Torness nuclear reactor shut by faulty valve

One of the nuclear power reactors at Torness in East Lothian has been shut down following a problem with a valve, prompting increased concerns about its future.

EDF Energy, the French company that runs Torness, has said that reactor two went offline on 23 June because a key valve in the steam turbine closed. It is investigating what went wrong, and hoping to restart the reactor on 30 June.

Reactor one at Torness, which is still running, is now the only one of four reactors in Scotland currently generating electricity. The other two reactors at Hunterston in North Ayrshire have been closed for most of the last two years because of spreading cracks in their graphite cores.

Torness nuclear reactors predicted to start cracking in 2022

Torness station director, Robert Gunn, emailed local stakeholders on 25 June with news of the closure. “The shutdown was due to the closure of a governor valve in the conventional non-nuclear part of the power station,” he said.

“Our systems are designed to ‘fail safe’ and as our operators worked to resolve the issue, the unit automatically shut down. As a result, steam was released from the vents which made a loud noise.”

Gunn added: “This was perfectly normal and expected in a safe shut down like this. The reactor shut down and cooled safely, which is our overriding priority when a reactor goes offline, and there were no health or environmental impacts.

“The unit will be returned to service once an investigation has been carried out.”

Gunn pointed out that Torness reactor two had been operating uninterrupted for 552 days before it shut down on 23 June. The station, which started up in 1988, has the capacity to generate electricity for more than two million homes.

Gavin Corbett, a green councillor for Edinburgh and a member of the Torness local liaison committee, was informed of the closure. “The plant manager was at pains to emphasise that the shut down did not pose any safety concerns although that is for the investigation to determine rather than being prejudged,” he told The Ferret.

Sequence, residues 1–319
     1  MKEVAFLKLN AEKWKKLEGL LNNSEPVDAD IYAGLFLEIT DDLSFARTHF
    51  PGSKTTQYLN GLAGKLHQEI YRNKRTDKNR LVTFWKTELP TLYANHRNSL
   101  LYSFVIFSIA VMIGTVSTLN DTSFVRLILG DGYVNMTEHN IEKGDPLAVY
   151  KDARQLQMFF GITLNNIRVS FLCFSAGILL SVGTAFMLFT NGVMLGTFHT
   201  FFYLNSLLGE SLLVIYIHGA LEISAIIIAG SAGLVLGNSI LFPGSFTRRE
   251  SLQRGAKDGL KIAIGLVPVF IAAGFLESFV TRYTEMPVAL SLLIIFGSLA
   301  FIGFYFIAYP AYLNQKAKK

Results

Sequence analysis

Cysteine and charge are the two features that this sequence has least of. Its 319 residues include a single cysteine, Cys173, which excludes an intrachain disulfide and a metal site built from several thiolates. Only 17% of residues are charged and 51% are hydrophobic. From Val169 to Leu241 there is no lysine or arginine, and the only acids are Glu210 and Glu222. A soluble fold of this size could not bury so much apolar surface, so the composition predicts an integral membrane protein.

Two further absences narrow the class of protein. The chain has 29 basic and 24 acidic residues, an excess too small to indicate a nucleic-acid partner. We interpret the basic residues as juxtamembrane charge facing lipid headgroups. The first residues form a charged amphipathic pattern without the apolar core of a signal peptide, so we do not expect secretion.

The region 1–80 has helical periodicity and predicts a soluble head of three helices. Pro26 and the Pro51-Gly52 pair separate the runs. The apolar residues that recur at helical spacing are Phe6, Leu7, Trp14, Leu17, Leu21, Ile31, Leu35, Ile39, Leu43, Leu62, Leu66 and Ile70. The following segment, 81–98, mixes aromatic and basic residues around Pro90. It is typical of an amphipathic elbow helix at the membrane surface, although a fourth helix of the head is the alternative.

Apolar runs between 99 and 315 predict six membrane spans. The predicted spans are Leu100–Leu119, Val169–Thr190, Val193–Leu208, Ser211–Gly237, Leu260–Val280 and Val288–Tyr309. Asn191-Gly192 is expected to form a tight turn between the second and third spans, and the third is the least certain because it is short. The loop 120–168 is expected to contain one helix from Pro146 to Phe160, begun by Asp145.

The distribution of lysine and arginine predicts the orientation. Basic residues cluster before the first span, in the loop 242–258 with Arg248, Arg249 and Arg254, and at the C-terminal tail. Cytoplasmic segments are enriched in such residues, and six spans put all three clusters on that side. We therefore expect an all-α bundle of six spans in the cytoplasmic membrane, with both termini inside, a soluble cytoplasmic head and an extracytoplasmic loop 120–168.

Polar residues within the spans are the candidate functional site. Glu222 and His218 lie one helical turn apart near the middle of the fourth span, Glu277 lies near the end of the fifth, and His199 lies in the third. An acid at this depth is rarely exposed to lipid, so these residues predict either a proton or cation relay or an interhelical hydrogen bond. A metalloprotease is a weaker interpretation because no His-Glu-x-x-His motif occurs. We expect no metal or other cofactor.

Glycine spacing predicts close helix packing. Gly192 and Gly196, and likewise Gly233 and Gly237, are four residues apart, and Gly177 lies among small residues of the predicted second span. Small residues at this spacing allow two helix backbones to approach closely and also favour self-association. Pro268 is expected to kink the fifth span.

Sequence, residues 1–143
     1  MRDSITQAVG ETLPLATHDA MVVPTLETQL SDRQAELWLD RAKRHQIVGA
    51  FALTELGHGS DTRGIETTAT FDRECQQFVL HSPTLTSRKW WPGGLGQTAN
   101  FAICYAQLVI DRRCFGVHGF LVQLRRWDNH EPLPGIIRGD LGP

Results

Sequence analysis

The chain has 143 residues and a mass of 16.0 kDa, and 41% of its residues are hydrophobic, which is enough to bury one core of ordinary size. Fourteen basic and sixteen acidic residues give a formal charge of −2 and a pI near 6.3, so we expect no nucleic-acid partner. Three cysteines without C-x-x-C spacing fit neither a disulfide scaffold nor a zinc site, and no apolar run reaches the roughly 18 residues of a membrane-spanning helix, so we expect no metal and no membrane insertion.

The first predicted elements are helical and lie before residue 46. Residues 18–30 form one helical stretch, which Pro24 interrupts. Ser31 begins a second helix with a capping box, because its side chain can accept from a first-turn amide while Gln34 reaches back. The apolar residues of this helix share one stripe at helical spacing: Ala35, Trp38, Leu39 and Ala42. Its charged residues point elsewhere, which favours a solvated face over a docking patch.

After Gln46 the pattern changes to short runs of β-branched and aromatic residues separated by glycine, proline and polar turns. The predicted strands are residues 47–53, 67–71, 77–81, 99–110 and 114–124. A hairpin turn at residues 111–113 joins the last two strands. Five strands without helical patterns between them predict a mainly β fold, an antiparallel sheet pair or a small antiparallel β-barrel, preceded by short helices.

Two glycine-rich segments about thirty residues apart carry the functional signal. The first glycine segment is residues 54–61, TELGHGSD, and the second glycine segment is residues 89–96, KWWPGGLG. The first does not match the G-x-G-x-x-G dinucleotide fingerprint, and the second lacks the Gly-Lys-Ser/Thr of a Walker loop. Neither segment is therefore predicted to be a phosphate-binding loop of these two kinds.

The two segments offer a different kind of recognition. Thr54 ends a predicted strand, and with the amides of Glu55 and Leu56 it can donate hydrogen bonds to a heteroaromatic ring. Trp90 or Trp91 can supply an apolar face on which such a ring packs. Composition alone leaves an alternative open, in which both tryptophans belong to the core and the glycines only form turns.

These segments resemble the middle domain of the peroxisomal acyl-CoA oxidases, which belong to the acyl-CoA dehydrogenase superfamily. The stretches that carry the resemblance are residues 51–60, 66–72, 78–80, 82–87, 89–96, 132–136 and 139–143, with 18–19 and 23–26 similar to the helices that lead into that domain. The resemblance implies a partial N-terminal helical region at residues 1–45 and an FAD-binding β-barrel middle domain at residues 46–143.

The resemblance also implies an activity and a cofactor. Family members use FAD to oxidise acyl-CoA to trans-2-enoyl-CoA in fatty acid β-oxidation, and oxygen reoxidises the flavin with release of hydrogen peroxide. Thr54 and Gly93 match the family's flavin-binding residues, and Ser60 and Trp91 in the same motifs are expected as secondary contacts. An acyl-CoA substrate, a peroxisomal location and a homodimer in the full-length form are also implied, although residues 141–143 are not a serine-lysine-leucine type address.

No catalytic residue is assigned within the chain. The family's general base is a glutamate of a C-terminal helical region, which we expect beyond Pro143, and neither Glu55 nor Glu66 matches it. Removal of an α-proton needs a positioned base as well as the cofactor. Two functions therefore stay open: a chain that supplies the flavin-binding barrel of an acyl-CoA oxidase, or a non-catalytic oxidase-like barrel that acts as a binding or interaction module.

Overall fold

“Clearly, a nuclear reactor isn’t closed down for a week for no reason. Torness is 31 years old now and should have been approaching its closure very soon.”

Corbett pointed out that the plant’s “shelf life” had been extended until 2030. “I’d expect very close scrutiny of the operation and plans developed to ensure the staff and suppliers have a long term future in a thriving Lothian and Forth renewables industry,” he said.

The Ferret reported on 6 May 2020 that the UK’s nuclear safety watchdog was predicting that cracks would start appearing in graphite cores at Torness six years sooner that previously thought. The Office for Nuclear Regulation said that cracking – which could increase the risk of a nuclear accident – was now expected to begin in 2022.

Friends of the Earth Scotland warned that nuclear power isn’t helping the country’s energy mix. “With cracks in reactor cores nuclear power is clearly on a shoogly peg in Scotland,” said the environmental group’s director, Dr Richard Dixon.

“The sooner we phase out nuclear power and rely on a broad mix of renewables and storage systems the better.”

Edinburgh-based nuclear consultant, Peter Roche, highlighted that there had been faulty valves in an EDF reactor in France. “Scotland has only one operating reactor just now,” he said.

“But the lights haven’t gone out. It’s time to phase out nuclear and go 100 per cent renewable.”

A spokesperson for EDF Energy said: “Unit two at Torness power station came offline due to the closure of a valve associated with the boilers in the conventional, or non-nuclear, side of the plant. Shutdown took place as expected and we expect to re-start in a few days.”

EDF Energy’s email about Torness to local stakeholders

R2250620 (Text)

Photo thanks to EDF Energy.

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